which thermodynamic requirements play a supporting rather than
directing role. Replication is an instance of this extreme kinetic
control. From this emerges the teleonomic character of living entities
(Pross  J. Theor. Biol. 220: 393-406).
Harold Morowitz et al. view non-living chemical reactions, driven by
thermodynamics, as exploring the state of space in an ergodical
fashion; in contrast, living systems explore a combinatorially large
space of possibilities through evolutionary processes (Rasmussen et al.,
Complex Systems View of Origins
A Possible Scenario by which Life & Natural Selection Emerge
Emergence of Life – Ensembles of protocells are viewed as
the “cradle” for the emergence of life in which mutual
stabilization of ‘generic’ proteins & nucleic acids over time
led to templating and coding. Weakly heritable analogic
information about protometabolism in proteins became
stabilized as digital information in nucleic acids, resulting
in a chemical selection for enhanced efficiency of
autocatalytic cycles of energy use and dissipation.
Emergence of Natural Selection – There would be an
enormous selective advantage (physical and chemical) for
those entities that could “remember” information that
enhances autocatalytic activity and dissipative efficiency by
encoding it in RNA and later DNA. Thus natural selection
of the reproductively fit would be emergent from the
chemical selection of the efficient.
Implication of Complex Systems Dynamics
In complex systems not only is the whole defined by
closure conditions (physical and catalytic) but
there is redundancy and parallelism. Thus even
weakly incipient functional patterns of structure
and interaction can persist due to greater stability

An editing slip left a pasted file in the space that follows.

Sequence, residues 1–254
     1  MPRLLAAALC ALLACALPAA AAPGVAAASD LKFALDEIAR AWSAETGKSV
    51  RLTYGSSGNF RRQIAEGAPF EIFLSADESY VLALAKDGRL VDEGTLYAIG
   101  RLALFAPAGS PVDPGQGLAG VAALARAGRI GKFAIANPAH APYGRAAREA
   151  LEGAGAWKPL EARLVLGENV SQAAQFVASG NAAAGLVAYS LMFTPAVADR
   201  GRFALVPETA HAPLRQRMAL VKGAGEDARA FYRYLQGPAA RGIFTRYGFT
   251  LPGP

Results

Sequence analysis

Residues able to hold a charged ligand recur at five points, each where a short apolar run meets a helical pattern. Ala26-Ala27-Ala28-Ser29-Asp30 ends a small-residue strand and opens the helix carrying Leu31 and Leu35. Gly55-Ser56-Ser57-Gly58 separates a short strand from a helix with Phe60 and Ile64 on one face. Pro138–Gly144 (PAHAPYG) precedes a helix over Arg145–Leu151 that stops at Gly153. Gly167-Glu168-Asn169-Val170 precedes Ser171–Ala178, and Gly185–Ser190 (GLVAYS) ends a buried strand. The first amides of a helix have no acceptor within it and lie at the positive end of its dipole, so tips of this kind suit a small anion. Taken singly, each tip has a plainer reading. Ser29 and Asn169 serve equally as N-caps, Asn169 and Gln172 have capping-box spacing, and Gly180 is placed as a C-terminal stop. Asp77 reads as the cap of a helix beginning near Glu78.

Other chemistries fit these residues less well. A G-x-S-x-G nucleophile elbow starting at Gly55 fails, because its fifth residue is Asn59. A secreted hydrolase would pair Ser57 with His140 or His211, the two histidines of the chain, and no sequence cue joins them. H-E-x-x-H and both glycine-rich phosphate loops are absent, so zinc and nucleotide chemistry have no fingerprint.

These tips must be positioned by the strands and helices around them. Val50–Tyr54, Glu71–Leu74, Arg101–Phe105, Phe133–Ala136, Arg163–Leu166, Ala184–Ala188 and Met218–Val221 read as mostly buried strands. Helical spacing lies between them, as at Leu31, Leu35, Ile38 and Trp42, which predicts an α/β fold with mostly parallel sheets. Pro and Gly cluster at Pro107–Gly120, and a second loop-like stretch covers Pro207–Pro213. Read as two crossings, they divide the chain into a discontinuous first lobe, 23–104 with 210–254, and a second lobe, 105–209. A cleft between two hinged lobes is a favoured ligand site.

and/or efficiency. With functionality comes
pressure for improved structures /stability/
efficiency, through an on-going process of
selection and self-organization. Thus in the origin
of life, we should not expect one function to be
perfected, say replication, before others appear,
but that there would be an inherent holism in the
process by which cellular life arose.
TAKE HOME LESSONS
Do not expect a single narrative trajectory for the emergence of life.
We should expect parallel distributive processes to predominate in the
emergence of life.
We should explore all possible routes of chemistry and proto-
biochemistry to develop a range of plausible scenarios.
We should not expect one function to be perfected, say replication,
before others appear.
Natural and artifactual systems should not be conflated. By anchoring
emergence of life and natural selection in natural laws and processes of
thermodynamics and kinetics, a conceptual wedge is driven between
natural organization and design. There is no watchmaker because
there is no watch.
If there is not grandeur in this view of the emergence of life, at least
there is reasonable hope for progress, through application of the tools
of complex systems dynamics, towards developing a more general
theory of emergence.
Reductionist and Emergentist Approaches to the �O